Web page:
SINGAPORE — As more food and beverage businesses here work towards getting halal certification, a bold new enterprise in the online sphere is looking to leverage on the seemingly untapped market of consumers and businesses interested in halal certified products, coupled with a keen focus on premium products that do not require halal certification.

At the official opening of its Singapore office this month, the Aladdin Group, helmed by Malaysia’s first astronaut Dr Sheikh Muszaphar Shukor Al Masrie, announced that its Singapore partner will be the world’s first premium quality products and halal e-marketplace when it launches at the end of the year. Catering to both the business-to-business and business-to-consumer markets, Aladdin Street Singapore ( is one of the companies in 29 other countries the Group has since entered into joint ventures with. The network covers a global population footprint of approximately four billion consumers, across countries such as China, India, Indonesia, Thailand, Vietnam, Japan, South Korea, Australia, New Zealand, the Middle East, the United Kingdom and America.

The announcement comes after the launch of its domestic site in Malaysia, which boasts more than 10,000 premium quality products, in April.

Aladdin Street Singapore co-founder and president Dr Grace Kong said Singapore’s excellent business environment and infrastructure will help the Group be one of the world’s most profitable e-commerce platforms. This plan includes a S$2 million investment by Aladdin Street Singapore to support the country’s efforts to strengthened the brand.

But unlike its Malaysian partner, the Singapore platform will not have a decidedly large offering of food items, said Andy Yun, chief marketing officer of Aladdin Street Singapore. Instead, it will offer a variety of products, from fashion to furniture to food, while keeping its focus on supporting small- and medium-sized enterprises (SMEs), including companies that are ready for a more global market.

He pointed out the significant advantages of investing in e-commerce in such a challenging economic climate, particularly for Singapore’s retail sector. “It would be an additional channel of sales for them,” Yun said, while highlighting the difficulty in finding a logistic provider and payment gateway. “Which bank or payment gateway will take you if you are a small player? But we are a group of 30 countries and that is why our payment gateway is UOB (United Overseas Bank).”

For a start, the company hopes to launch its Singapore portal with a line-up of at least 50 merchants. “We’ve only just started recruiting (and) these companies have to fit our positioning,” said Yun, which he explained is to be “the first premium quality products and halal e-marketplace”.

As such, the site will focus on halal premium quality products and services, and those that do not require halal certification, such as products by local fashion and furniture designers.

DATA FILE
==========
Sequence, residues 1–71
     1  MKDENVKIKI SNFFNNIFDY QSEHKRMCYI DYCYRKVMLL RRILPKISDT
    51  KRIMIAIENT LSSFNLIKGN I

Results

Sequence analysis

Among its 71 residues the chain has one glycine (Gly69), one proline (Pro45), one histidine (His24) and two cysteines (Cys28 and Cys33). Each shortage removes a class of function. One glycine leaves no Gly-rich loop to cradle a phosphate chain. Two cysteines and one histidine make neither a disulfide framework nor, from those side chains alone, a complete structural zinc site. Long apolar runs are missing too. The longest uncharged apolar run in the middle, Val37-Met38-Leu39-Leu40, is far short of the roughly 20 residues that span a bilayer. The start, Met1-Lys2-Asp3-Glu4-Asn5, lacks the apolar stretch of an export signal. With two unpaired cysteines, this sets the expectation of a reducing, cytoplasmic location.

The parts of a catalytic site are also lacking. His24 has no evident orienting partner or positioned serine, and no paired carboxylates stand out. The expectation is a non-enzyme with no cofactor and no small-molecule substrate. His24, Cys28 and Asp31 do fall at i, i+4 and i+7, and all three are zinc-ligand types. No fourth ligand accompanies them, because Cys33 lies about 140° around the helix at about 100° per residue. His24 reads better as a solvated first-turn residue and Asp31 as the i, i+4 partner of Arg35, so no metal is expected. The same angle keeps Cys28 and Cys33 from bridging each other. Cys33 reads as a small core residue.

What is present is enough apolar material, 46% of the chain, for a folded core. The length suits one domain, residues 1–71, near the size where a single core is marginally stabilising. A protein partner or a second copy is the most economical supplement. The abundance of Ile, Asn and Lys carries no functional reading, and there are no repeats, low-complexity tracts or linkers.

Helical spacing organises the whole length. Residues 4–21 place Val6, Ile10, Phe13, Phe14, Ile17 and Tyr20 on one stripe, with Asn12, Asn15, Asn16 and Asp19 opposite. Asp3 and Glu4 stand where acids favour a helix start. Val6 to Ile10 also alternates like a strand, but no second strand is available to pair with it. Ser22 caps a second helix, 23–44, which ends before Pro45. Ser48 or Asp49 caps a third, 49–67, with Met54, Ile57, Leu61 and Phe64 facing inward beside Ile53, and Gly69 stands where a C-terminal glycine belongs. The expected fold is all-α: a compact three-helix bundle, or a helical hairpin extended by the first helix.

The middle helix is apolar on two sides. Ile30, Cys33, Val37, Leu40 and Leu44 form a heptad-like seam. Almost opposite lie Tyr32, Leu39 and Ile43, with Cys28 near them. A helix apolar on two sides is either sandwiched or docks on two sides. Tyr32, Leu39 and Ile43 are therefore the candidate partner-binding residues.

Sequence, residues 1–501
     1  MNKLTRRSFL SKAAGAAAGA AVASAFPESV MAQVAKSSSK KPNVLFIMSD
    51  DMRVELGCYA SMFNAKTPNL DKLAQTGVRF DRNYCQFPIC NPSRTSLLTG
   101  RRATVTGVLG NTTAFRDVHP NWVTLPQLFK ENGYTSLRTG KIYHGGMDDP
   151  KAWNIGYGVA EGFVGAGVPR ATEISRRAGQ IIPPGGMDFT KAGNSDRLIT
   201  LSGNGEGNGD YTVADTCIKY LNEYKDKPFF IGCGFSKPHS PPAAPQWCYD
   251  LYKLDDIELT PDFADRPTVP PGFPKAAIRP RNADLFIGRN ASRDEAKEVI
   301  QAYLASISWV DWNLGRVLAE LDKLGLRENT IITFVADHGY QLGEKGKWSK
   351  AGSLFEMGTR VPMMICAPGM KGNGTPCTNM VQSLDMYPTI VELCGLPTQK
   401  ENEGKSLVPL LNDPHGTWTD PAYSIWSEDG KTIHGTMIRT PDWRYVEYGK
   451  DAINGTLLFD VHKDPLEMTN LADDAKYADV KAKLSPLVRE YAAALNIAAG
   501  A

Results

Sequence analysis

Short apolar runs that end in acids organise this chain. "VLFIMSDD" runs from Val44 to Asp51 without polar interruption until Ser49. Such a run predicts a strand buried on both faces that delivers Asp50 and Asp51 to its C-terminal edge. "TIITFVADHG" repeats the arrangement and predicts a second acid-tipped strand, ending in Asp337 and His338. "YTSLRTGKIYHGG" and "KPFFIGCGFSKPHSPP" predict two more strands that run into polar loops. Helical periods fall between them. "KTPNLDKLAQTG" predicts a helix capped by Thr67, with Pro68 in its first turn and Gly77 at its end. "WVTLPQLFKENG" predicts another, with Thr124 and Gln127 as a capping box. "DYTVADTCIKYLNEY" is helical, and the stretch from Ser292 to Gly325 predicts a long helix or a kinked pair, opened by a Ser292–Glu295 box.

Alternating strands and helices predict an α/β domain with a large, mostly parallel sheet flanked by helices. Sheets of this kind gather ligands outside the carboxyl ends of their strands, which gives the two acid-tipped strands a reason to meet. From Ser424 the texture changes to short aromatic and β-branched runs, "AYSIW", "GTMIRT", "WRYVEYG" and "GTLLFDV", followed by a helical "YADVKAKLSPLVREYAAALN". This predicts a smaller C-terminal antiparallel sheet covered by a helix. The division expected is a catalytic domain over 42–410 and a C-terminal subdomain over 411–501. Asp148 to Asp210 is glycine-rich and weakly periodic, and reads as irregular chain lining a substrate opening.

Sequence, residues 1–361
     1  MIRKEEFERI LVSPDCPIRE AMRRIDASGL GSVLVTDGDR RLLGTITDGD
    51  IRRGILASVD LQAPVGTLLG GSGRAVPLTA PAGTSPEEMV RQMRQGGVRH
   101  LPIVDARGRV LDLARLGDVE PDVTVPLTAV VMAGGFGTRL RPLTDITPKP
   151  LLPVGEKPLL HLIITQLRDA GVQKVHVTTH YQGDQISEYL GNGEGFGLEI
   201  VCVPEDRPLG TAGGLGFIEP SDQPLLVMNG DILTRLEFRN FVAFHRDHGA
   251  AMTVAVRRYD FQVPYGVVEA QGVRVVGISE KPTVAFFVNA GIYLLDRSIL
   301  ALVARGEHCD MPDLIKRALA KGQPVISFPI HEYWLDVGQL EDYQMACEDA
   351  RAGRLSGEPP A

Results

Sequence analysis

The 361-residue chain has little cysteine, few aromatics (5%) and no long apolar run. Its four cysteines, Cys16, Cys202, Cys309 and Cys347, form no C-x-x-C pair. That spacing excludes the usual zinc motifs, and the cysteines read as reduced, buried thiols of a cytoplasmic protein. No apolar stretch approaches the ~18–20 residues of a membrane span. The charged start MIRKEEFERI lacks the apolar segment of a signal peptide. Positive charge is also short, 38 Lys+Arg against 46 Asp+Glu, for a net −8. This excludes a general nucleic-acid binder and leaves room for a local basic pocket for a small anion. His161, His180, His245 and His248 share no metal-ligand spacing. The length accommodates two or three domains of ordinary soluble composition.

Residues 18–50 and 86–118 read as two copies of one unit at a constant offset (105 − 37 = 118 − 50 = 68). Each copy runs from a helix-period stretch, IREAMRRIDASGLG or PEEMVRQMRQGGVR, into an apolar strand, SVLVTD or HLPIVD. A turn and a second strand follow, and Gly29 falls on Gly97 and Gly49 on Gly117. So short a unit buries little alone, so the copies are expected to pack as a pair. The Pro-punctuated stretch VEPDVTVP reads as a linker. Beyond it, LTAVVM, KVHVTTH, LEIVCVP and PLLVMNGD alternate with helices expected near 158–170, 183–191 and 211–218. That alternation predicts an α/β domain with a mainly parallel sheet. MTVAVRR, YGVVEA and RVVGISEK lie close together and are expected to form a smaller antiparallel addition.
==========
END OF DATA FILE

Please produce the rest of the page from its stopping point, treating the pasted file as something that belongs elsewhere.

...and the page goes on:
“When you go to, it won’t be like HipVan, where there will be a lot of items. We have less items but more premium and unique (ones),” said Yun, who added that there will also be a select group of trusted food brands that could include Sam Goi’s Tee Yih Jia Foods.

More Halal services

Speaking of leveraging on the connectivity and convenience the Internet affords, The Halal Dining Club website ( is billed as a one-stop solution for diners looking to discover, book and review halal restaurants. And last month, it simultaneously launched an app in Singapore and London to provide consumers even better access to the growing plethora of suitable dining options in both cities.

“You would think finding a place to dine out would be easy, but for the 427 million Muslims living in non-Muslim countries it is not,” said Siddika Jaffer, the Muslim entrepreneur behind the launch of The Halal Dining Club. “Our research shows that halal diners typically have to spend up to 90 minutes to find and book a suitable place, and this involves trawling multiple websites, blog and reviews; messaging friends and calling the restaurant itself,” she added.

In an exclusive partnership with online restaurant reservation service Quandoo, the app, which is available free from the Apple App Store, is targeted at the fast-growing and relatively underserved global halal food market, which The Halal Dining Club estimates to be worth US$2.6 trillion (S$3.5 trillion) by 2020.

This will also include more business-to-business prospects, which Yun said is an area Aladdin Street Singapore is particularly keen to explore.

He elaborated on how the local platform will also help many halal-certified restaurants and caterers, by “providing extra channels of sales and promoting their brand and food on a premium platform”.

Quayside Quality Food, he said, was one of the first to come on board. “(Its) prices are probably 15 per cent higher than the standard market rate, but it is premium stuff and that’s what we want.”


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